5th Slovakian-Hungarian Joint Symposium on Applied Machine Intelligence and Informatics January 25-26, 2007 ░ Poprad, Slovakia

Active Contours and their Utilization at Image Segmentation
Marián Bakoš
Technical University of Kosice, Slovakia, marian.bakos@tuke.sk

Abstract: Image segmentation is one of the most important steps in the image analyses. Its main aim is to devide an image to some parts, which correlate strongly by objects of reality. Image segmentation is a difficult task mainly because of a big variability of object shapes, as well as different image quality. Images are often interfered by signals and artefacts which rose of during sampling, what may cause big problems at using of common techniques of segmentation. In image segmentation, deformable models which were studied at resolving of these problems, found wide use. Deformable models became popular since their publishing in work ‘Snakes: Active contour models’ which was published in 1987 and since then they have become active and successful research branche of image segmentation. In the literature we can meet different names of these models as for example snake, active contours, as well as surfaces or baloons. This article deals with principles of functioning of these segmentation methods, how they are devided and finaly, how they are used. Keywords: active contours, snake, deformable models, image segmentation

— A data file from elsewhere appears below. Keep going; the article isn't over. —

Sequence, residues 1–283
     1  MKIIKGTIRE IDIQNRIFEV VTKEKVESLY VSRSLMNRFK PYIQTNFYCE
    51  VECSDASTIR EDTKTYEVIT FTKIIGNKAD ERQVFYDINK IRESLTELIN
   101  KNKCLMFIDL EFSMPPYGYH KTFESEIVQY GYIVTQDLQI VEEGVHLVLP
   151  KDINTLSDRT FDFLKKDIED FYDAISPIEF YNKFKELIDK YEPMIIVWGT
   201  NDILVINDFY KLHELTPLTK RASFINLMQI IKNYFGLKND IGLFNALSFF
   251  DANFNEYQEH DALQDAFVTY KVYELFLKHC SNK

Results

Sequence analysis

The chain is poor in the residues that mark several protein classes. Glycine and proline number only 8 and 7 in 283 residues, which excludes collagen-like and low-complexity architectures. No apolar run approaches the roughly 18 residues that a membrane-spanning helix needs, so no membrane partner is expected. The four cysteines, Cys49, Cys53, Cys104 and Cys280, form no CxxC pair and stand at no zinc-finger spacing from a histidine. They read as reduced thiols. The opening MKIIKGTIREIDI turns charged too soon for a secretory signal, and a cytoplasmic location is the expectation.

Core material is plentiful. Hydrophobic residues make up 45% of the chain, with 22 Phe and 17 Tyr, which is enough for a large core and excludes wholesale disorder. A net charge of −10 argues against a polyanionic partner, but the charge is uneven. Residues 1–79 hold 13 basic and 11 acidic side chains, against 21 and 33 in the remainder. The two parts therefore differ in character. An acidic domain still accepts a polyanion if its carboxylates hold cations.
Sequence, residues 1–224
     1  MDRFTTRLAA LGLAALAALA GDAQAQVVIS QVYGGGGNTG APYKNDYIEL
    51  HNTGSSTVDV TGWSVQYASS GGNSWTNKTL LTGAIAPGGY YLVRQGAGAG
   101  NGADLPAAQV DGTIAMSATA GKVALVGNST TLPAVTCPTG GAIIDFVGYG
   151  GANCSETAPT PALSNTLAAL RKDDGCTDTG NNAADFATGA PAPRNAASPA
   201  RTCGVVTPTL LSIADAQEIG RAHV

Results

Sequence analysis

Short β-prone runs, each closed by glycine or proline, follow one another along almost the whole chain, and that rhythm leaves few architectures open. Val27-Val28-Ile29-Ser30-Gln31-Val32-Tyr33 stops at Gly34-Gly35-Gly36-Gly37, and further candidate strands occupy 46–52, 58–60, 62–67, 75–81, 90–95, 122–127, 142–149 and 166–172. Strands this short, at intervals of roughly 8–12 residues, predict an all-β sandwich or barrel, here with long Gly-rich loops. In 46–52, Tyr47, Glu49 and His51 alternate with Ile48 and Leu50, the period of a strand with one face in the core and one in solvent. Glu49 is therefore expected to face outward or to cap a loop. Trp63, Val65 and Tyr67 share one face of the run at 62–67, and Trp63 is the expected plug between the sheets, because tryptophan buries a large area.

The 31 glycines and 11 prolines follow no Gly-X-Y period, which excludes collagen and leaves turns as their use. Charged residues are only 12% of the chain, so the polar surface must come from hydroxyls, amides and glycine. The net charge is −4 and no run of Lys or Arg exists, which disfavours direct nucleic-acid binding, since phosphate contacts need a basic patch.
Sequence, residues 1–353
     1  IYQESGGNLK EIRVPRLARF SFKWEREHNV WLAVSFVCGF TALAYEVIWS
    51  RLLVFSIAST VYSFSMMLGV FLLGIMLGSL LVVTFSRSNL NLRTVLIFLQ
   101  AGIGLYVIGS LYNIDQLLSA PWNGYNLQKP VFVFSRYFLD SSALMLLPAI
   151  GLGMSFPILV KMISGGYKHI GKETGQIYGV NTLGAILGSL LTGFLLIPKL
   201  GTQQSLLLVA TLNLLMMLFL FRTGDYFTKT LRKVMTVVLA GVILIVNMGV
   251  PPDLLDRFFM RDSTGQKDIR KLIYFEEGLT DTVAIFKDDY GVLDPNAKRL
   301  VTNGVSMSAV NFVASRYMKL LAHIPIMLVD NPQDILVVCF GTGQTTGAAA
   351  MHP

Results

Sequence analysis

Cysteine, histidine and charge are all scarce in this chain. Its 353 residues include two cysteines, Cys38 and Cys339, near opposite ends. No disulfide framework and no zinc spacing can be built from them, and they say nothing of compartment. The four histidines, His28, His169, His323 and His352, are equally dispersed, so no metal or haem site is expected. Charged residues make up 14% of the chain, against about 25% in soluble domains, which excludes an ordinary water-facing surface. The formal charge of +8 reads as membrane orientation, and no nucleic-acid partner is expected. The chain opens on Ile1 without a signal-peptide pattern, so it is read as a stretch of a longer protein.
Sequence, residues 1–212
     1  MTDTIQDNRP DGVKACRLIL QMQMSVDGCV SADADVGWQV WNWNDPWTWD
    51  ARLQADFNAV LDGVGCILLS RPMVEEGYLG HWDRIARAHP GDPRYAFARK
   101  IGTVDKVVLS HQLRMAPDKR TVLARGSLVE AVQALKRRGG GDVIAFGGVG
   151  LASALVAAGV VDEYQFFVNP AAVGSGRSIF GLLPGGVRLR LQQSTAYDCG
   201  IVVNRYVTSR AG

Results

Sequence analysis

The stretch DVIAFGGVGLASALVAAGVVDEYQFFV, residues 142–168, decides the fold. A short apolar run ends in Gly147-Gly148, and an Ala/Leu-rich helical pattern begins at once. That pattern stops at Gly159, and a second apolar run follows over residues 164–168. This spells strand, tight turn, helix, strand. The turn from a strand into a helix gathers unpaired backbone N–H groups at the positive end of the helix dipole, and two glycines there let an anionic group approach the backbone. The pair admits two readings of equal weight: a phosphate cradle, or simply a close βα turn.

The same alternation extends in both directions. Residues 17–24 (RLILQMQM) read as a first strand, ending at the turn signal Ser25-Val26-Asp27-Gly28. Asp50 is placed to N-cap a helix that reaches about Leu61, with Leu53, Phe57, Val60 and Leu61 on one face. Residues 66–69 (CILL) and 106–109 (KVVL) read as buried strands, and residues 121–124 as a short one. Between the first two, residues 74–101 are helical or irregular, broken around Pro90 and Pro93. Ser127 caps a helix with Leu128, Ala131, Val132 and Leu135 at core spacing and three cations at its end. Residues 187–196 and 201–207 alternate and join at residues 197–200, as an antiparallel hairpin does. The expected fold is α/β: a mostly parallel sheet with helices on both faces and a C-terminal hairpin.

1
1.1

Active Contours Models
Background

The concept of active contours models was first introduced in 1987 [1] and has later been developed by different researchers. An active contour is an energy minimizing spline that detects specified features within an image. It is a flexibile curve (or surface) which can be dynamically adapted to required edges or objects in the image (it can be used to automatic objects segmentation). It consists of a set of control points connected by straight lines, as it is showed in Figure 1. The active contour is defined by the number of control points as well as sequence of each other. Fitting active contours to shapes in images is an interactive process. The user must suggest an initial contour, as it is showed in Figure 1, which is quite close to the intended shape. The contour will then be attracted to features in the image extracted by internal energy creating an attractor image.